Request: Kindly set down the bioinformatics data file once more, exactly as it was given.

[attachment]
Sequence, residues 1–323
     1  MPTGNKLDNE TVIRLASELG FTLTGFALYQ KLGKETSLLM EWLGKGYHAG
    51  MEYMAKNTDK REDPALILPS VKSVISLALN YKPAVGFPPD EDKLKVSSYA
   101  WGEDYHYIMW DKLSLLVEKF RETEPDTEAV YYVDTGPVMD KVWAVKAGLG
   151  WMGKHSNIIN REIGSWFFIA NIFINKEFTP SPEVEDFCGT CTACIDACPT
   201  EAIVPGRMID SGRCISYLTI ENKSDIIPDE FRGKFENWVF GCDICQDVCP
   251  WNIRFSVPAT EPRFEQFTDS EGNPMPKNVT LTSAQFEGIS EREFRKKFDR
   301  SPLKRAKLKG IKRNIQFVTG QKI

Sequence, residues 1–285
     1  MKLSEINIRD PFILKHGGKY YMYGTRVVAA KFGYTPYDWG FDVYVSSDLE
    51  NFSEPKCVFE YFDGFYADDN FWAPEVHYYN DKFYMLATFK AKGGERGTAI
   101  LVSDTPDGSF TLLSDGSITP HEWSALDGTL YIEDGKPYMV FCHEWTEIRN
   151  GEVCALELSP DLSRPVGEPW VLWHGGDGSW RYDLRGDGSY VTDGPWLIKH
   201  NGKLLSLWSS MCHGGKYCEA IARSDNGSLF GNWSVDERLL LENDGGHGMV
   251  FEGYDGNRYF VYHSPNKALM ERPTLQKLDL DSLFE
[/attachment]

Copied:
Sequence, residues 1–323
     1  MPTGNKLDNE TVIRLASELG FTLTGFALYQ KLGKETSLLM EWLGKGYHAG
    51  MEYMAKNTDK REDPALILPS VKSVISLALN YKPAVGFPPD EDKLKVSSYA
   101  WGEDYHYIMW DKLSLLVEKF RETEPDTEAV YYVDTGPVMD KVWAVKAGLG
   151  WMGKHSNIIN REIGSWFFIA NIFINKEFTP SPEVEDFCGT CTACIDACPT
   201  EAIVPGRMID SGRCISYLTI ENKSDIIPDE FRGKFENWVF GCDICQDVCP
   251  WNIRFSVPAT EPRFEQFTDS EGNPMPKNVT LTSAQFEGIS EREFRKKFDR
   301  SPLKRAKLKG IKRNIQFVTG QKI

Sequence, residues 1–285
     1  MKLSEINIRD PFILKHGGKY YMYGTRVVAA KFGYTPYDWG FDVYVSSDLE
    51  NFSEPKCVFE YFDGFYADDN FWAPEVHYYN DKFYMLATFK AKGGERGTAI
   101  LVSDTPDGSF TLLSDGSITP HEWSALDGTL YIEDGKPYMV FCHEWTEIRN
   151  GEVCALELSP DLSRPVGEPW VLWHGGDGSW RYDLRGDGSY VTDGPWLIKH
   201  NGKLLSLWSS MCHGGKYCEA IARSDNGSLF GNWSVDERLL LENDGGHGMV
   251  FEGYDGNRYF VYHSPNKALM ERPTLQKLDL DSLFE